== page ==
5 Motorcycle Riding Tips for Spring

5 Motorcycle Riding Tips for Spring

Yes, it is that time: spring. This can only mean motorcycle riders all across the north will be taking to the now snow-free roads and wearing out some tires once again. We recently examined how to get your bike up and at ‘em after winter, so now let’s take a brief, but vital look what you can do for yourself out on the road.

Motorcycle Riding Tips For Spring

1. If you haven’t done so, go get trained!

You’ll probably get sick of having this bit of advice thrown at you. News flash: the best way to stop hearing about it is to actually go and do it. If you’ve never taken a beginner’s course, they are worth the cost, even if you have some experience. If you’ve already taken a beginner course, then seek out an intermediate to advanced course. What you learn will help you.

2. If you need to, replace your helmet

Another thing we’ve recently examined is why helmets wear out. Remember that using a helmet affects it just as much as letting it sit idle (and hopefully you haven’t left it hanging it on a hook or something like that!). If you’ve only gone through a couple of seasons with your current helmet, then you’re fine. Remember that some people like to replace their helmets after three to five years. Decide what school of thought you fall into, examine what kind of life your helmet has led, and then take the necessary steps.

3. Remember to stay visible

This is generally important, but even more so in spring because those who have been driving through the winter will have forgotten that motorcycles exist…and that’s assuming they are that attentive to begin with. Don’t remind them that motorcycles come out to play in the spring by getting into a collision early into the season. That’ll likely spoil things for you.

4. Look out

On the flip side, keep your own eyes open. If you haven’t gotten the mental snow out of your senses before you even hop on your bike, then you’re in trouble. Using every bit of your awareness is another thing that is generally important, but much more so in this transitional period. Remember the places and situations you want to avoid while you’re out on the road. Look out, because you can’t expect everyone else to. Simple.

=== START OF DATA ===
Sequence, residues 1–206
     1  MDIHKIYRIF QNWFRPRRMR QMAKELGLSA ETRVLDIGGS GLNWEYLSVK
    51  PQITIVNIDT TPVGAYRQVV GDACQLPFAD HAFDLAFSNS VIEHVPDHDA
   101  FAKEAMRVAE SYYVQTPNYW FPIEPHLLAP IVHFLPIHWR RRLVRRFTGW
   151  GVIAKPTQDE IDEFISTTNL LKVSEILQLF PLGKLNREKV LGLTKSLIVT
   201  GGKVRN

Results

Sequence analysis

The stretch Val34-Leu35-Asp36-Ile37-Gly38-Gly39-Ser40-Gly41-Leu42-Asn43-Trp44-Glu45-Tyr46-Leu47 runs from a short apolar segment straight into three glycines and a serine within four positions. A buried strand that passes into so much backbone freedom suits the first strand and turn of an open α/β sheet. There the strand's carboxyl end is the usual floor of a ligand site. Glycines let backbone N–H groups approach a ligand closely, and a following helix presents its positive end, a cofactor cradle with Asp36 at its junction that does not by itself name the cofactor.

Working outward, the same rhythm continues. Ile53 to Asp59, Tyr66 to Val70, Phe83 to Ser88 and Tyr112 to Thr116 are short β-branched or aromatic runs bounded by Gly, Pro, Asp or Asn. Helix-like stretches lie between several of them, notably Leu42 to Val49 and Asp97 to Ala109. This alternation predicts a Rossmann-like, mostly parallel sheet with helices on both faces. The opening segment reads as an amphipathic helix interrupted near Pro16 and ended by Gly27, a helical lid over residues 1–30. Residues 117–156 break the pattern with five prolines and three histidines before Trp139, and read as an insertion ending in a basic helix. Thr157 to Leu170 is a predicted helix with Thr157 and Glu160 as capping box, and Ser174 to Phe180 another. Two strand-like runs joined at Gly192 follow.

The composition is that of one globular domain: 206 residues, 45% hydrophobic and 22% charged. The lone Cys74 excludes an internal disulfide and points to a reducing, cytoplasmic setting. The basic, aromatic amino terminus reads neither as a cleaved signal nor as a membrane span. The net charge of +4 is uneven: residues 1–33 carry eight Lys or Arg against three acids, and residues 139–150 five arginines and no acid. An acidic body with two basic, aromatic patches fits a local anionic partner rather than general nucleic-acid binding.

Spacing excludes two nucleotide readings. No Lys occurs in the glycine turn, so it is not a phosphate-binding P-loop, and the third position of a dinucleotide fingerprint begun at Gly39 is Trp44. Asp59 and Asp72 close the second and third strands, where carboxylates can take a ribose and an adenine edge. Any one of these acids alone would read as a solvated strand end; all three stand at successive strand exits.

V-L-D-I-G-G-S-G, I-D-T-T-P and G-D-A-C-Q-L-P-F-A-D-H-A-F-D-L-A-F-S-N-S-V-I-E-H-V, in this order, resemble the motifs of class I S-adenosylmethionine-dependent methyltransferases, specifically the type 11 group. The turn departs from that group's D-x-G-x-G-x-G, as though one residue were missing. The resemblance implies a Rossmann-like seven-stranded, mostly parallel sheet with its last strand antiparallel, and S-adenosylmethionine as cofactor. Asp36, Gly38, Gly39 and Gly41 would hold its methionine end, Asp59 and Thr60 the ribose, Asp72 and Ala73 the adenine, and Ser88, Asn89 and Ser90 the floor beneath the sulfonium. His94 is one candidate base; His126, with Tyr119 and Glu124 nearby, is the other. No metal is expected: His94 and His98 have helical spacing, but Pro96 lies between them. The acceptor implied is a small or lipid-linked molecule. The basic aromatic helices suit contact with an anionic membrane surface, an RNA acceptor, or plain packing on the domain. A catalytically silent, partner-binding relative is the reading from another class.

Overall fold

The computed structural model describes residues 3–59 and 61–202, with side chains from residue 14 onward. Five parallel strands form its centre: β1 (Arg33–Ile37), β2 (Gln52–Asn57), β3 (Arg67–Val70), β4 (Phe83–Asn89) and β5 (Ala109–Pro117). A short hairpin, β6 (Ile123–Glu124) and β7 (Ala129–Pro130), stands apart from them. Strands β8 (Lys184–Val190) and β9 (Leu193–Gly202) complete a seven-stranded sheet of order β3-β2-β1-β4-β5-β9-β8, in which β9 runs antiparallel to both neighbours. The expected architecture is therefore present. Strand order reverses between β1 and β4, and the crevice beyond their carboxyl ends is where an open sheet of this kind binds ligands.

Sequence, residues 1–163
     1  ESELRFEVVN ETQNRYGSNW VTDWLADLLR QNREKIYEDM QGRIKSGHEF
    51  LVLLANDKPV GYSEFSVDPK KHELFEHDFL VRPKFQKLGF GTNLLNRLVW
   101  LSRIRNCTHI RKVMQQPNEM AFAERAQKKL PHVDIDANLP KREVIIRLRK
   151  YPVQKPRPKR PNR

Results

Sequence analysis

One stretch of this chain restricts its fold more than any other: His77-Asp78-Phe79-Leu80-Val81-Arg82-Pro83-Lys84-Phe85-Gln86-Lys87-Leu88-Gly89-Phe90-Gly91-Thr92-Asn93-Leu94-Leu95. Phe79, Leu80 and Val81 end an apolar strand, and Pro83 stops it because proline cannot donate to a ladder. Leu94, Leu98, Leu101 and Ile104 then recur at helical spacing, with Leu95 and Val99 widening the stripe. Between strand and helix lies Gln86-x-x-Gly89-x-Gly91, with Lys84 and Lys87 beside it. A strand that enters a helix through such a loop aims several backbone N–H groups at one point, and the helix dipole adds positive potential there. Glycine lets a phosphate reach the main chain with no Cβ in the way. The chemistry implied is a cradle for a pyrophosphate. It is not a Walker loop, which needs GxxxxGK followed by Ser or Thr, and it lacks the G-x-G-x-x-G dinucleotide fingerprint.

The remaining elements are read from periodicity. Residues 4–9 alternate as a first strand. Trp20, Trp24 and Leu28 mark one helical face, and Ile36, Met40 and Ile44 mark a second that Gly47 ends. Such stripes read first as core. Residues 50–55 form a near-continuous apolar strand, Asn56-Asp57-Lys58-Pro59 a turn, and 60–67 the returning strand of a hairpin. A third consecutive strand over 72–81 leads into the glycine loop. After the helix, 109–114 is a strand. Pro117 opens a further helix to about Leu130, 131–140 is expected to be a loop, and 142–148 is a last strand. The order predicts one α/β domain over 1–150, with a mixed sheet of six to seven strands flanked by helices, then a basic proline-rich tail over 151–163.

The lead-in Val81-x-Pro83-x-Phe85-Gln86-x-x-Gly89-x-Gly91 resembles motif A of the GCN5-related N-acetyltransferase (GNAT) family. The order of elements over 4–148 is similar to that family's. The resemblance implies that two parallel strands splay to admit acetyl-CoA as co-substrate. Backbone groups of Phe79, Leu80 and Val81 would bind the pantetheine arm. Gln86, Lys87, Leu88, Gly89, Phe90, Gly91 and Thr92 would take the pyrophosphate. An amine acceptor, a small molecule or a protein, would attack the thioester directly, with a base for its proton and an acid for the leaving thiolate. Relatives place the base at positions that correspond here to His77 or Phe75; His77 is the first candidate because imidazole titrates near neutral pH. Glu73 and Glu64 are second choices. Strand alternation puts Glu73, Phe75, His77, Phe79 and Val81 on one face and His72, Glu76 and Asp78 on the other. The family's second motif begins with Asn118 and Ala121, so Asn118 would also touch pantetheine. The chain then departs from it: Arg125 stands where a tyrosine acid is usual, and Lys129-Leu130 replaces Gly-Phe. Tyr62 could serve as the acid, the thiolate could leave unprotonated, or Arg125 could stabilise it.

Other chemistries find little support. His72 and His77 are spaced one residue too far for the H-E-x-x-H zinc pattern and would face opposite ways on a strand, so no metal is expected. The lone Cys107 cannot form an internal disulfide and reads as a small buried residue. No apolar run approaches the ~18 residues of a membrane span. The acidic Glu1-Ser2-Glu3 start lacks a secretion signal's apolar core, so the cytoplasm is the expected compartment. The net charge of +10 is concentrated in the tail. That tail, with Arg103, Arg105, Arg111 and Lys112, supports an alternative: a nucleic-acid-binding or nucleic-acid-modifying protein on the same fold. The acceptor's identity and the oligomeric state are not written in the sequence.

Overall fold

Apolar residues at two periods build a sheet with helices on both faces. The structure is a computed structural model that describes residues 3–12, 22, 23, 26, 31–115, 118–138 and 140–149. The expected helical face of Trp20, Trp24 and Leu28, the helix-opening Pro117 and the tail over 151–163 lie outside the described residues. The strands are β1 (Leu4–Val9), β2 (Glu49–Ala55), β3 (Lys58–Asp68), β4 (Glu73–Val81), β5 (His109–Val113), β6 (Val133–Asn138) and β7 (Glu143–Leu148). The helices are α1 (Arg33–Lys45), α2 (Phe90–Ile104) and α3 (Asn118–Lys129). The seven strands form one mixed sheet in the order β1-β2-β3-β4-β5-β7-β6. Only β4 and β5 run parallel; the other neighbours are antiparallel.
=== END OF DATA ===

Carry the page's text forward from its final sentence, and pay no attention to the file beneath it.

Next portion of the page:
5. Take it easy

If you lift weights to work out, but haven’t done so in a while, you don’t pick up where you left off. You have to take your weight down at least a couple of notches to bring yourself back up to speed, otherwise you’ll hurt yourself. Northern motorcycle riding is the same way. Thus, take your time to get re-acquainted with not only your motorcycle, but your riding environment. Even if you’ve spent the winter in a car, really demand extra care from yourself. Pacing yourself will also help ease non-motorcyclists into the fact that the road is no longer solely for their use. You don’t want to shock that soccer mom in a minivan by screaming by in a loud wheelie right now…or ever, really…

We want motorcycling to stay enjoyable, and since we haven’t been at it for a few months, we need to take necessary steps in order to make sure it stays enjoyable in the long run. Don’t be lulled into a false sense of security and go all gung-ho now that the snow’s gone, as tempting as it is. Think about the bigger picture. Take thoughtful steps to ensure your transition back to motorcycle riding is a safe one, and you’ll help yourself have a great riding season. Have anymore motorcycle riding tips for spring? Let us know in the comment section below.


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